Anti-Money Laundering: Bridging Regulatory Compliance and Data Integrity
by Balaji Yellavalli
I got many interesting responses to my previous blog stressing the role of technology “engines” in meeting emerging regulations related to Anti-Money Laundering (AML) and illustrating the collateral benefits of such moves on customer experience.
I envision two critical “calls to action” especially in the context of regulations such as AML, Know Your Customer (KYC) and others that keep popping up every time a new and perverse way to engage in criminal activity is uncovered.
One, financial institutions need a strong “Unified Compliance Solution” (UCS) approach to integrate seemingly disparate compliance-monitoring activities across global lines of business. A UCS approach not only helps in linking apparently unconnected transactions to establish a potentially suspicious pattern and file a “Suspicious Activity Report “(SAR) with the regulators. It reduces time for investigation and focuses staff energies in going after the “bad guys” as opposed to disrupting genuine day-to-day transactions. A UCS also helps in integrating customer data which could help in gaining better insights into customer behavior, for improving customer experience and ultimately, customer satisfaction.
Infosys’ experience with leading financial institutions has borne out the fact that while Regulatory Compliance may be the impetus for a UCS, it is not the end game. A well-designed UCS can be leveraged for competitive advantage and ultimately, for winning in the turns, based on superior customer insight!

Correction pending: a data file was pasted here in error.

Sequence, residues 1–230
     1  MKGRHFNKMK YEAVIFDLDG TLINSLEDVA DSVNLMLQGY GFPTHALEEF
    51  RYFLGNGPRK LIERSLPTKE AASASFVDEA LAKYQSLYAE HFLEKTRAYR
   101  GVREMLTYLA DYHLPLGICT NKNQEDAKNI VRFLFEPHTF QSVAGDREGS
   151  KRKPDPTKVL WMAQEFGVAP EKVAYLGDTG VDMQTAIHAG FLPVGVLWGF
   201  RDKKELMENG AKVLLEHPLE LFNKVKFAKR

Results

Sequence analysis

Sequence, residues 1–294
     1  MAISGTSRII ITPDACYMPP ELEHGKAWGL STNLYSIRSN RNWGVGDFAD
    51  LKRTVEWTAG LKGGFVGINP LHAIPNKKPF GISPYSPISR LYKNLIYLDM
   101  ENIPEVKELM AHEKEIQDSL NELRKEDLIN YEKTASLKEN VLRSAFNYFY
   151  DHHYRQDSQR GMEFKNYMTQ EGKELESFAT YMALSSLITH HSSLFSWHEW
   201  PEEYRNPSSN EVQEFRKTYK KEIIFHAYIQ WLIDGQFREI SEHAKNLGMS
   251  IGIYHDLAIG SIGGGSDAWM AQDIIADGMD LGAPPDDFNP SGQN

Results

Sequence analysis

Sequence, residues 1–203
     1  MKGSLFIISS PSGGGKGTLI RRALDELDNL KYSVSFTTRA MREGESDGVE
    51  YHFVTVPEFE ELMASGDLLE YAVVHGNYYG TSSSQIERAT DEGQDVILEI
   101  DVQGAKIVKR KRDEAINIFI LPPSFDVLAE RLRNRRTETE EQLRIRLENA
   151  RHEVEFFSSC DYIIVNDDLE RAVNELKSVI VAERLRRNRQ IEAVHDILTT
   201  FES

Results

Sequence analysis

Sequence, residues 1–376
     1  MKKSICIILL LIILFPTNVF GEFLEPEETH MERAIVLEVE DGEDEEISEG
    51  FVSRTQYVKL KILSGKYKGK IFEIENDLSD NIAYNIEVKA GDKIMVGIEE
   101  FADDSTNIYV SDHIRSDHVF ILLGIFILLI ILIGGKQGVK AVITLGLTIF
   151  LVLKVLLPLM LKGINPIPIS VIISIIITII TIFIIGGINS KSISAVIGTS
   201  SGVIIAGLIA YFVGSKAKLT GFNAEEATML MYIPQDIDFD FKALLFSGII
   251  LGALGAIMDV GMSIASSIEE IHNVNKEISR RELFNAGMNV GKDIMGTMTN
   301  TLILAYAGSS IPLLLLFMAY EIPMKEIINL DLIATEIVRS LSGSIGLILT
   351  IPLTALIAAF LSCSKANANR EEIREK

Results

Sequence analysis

I know a top Wall Street Firm that consistently outperforms the competition by combining regulatory compliance initiatives with customer data integration. It is in an enviable position today because of investing ahead of time in aligning and unifying disparate silos of organizational information across their global operations.
The second call to action: it is assumed, when we discuss such topics, that the quality of transaction data generated by a firm’s systems is clean and reusable for further analysis. Unfortunately, it is not always the case.
As the complexity of transactions, coupled with their global spread increases, so does the scope for errors in collating and reporting. Independent studies by leading analysts have estimated that the business losses due to poor transaction data quality are in the order of US$1 billion to US$ 1.5 billion on an annual basis. It is ironical that financial institutions are actually losing money due to poor maintenance of data and information within their organization, far from making money from information! Hence, it is important to install strong data quality systems as an intermediate step before building the UCS engine.